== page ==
At night, we got back to our regular uncensored show, yay! It was the last show, so for sure there was the “Yeah! Let’s go out with a bang!” attitude in everyone. I don’t usually use curse words very much when I talk, but somehow found it liberating to be able to say fuck again. However, when we got on stage, we realized that there was a 10-year-old in the first row. Well, we did already say that the show would be adult-themed so I thought “fuck it” and went on to say the aforementioned “shit” without censorship. It was not until after the show that I realized that I had the honor of being the first person to curse in every performance. Even if anyone had any reservations about cursing (I doubt it), it was basically green light the rest of the way after I let that one out. And we proceeded to say shit and fuck numerous times throughout the show. Hooray!

And finally, we did The Hustle without a hiccup! I did have another hiccup though when I was singing “She’s A Lady”. I wasn’t sure how it happened. At one point, either the music skipped, or it was turned much lower than the microphone, so I wasn’t hearing the music well. Or maybe I just got too excited? I was singing ahead of the music, which never happened in any rehearsals or previous performances. But at some point I caught myself doing that and found my place in the music again and finished it correctly the rest of the way. I hope the audience was distracted enough with the subsequent singing, dancing, and bright colors to remember that.

And really, it was the last night and everyone just wanted to put on their best performance and this led to many amazing performances. There was a camera recording the show, so we were watching the performances backstage via the video feed, and man, many of these performances were simply amazing. Many high-fives backstage after each number.

We closed out the show with an opera. Well, it was really us singing (painfully obvious) fake Italian to a background track. The four of us theatre puppetry students played the main characters, while the TV puppetry students joined in as the chorus. Every student was on stage at the same time. There was just something beautiful about that. Now, though there were character descriptions and a general plot line, everything else was improvised. We weren’t singing the same words every night. We weren’t singing the same notes every night. Every night it went slightly different. So we were all very happy afterwards with that crescendo we did. Without rehearsing and agreeing beforehand, Libby, Keith, and I all reached for that same high note towards the end, and wow, that felt just great.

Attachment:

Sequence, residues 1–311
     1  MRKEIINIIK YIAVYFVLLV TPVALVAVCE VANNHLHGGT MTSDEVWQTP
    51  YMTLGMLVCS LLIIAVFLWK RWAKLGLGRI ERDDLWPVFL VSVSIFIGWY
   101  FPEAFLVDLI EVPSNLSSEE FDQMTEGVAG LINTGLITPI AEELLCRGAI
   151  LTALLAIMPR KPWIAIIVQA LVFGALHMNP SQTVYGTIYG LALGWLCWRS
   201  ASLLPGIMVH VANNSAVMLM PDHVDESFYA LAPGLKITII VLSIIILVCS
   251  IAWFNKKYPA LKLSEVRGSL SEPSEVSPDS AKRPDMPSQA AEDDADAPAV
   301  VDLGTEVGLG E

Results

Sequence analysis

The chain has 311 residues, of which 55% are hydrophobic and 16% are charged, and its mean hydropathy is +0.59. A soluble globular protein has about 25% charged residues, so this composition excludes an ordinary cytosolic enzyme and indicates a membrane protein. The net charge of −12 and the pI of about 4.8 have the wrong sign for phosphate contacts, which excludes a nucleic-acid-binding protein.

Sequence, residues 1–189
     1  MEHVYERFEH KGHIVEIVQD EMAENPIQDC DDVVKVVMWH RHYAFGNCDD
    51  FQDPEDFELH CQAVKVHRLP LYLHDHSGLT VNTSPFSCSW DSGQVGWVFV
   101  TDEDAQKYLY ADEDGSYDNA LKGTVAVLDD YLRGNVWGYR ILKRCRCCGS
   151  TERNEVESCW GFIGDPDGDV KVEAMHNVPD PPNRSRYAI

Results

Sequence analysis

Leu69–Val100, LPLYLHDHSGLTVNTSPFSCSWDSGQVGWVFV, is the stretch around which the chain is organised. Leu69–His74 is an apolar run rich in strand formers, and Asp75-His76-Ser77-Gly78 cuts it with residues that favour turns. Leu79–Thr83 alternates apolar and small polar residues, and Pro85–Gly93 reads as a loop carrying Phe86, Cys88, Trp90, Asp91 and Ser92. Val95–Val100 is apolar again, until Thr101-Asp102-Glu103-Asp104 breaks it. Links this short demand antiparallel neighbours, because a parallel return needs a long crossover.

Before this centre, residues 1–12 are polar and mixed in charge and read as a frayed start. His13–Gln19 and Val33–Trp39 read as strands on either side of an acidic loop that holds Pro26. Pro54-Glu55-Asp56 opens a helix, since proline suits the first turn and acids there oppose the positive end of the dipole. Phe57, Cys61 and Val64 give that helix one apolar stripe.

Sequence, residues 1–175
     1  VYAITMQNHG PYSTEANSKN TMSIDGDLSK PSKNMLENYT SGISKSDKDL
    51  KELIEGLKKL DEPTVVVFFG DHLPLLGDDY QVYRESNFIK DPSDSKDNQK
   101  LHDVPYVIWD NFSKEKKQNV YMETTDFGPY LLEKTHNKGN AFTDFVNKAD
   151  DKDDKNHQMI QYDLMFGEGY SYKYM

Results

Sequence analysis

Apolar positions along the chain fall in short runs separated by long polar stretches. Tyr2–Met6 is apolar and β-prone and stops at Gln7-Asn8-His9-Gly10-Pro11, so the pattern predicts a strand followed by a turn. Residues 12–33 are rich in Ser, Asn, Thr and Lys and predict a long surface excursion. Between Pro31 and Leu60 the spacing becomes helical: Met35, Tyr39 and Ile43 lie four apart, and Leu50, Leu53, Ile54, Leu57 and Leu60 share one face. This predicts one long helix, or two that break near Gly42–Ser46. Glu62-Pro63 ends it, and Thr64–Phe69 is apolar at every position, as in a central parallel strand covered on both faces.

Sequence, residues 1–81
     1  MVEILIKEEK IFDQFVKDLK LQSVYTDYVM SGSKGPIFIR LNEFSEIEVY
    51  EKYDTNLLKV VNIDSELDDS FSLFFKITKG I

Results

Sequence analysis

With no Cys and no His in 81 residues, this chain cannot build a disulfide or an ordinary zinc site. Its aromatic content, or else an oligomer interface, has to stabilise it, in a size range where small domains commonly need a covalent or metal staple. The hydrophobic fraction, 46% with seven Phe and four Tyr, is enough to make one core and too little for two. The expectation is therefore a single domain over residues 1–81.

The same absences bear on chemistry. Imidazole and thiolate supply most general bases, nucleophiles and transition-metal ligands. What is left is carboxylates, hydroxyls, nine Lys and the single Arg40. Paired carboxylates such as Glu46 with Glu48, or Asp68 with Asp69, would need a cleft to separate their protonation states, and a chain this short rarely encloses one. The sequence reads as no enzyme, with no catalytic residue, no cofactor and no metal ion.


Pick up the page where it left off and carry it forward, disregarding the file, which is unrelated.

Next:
And at the end of the last scene of the last show, my prop broke. What great timing! Now that’s a sign telling me that, yes, that’s a wrap. I had a wonderful time performing with this amazing group of people. More on that later. :-)

Puppet Jukebox – Second Night

Second night was much better! 😀

Actually, I am not sure if the performance was better, but it certainly felt better than the first night. Since we already performed it once, we were more relaxed and more comfortable with it. Knowing what worked and what needed to be fixed from first night was a very good thing. I mentioned that the first night was sort of a blur to me. Tonight it felt so much better. Nothing felt rushed. I knew where things were. I knew what needed to be done. And I was ready, standing by, and prepared long before each entrance. We also got a video feed to see what was going on out there (some of it, anyway) so that made it even more enjoyable. But really, the best thing was being relaxed enough to actually enjoy it.

Another reason that it felt better was because we had a better crowd. Sometimes I don’t know why you get a better crowd one night than the other. This didn’t even have anything to do with whether the performance tonight was better or not. We started the show with a video, and from the response to the video, you could already tell what kind of crowd it was. Maybe it was because it was Friday? Or maybe this was within margin of error in sampling? I don’t know, but it certainly helped tonight.

Our theatre puppetry class instructor Christian came to watch the show. He loved it. We are glad.

The microphone stuff was still a little iffy. It seemed to work in some songs and not the others (probably intentionally turned off because of the feedback problems?). Well, I am just going to assume that we won’t have microphones the rest of the run. As long as the music wasn’t dialed up too loud, most of us should be able to sing over it without major problems.

The wig on my puppet almost came off in one of the songs. I just made a joke about it and kept on going. When mistakes like that happen, you can handle it one of two ways. You can just ignore it and keep on going. Or you can acknowledge it (by joking about it) so that’s done. We can move on. It probably ended up being more entertaining anyway, so that’s all good. Still though, that’s not really supposed to happen, so I brought the wig home with me to do some rigging. It usually isn’t a big problem but since my puppet did have a lot of head movements, it can be an issue.

Two sold-out shows in a row. The two shows tomorrow (Saturday matinee and closing night) has two and five tickets left, respectively, and is very likely to sell out soon. Grab your tickets now: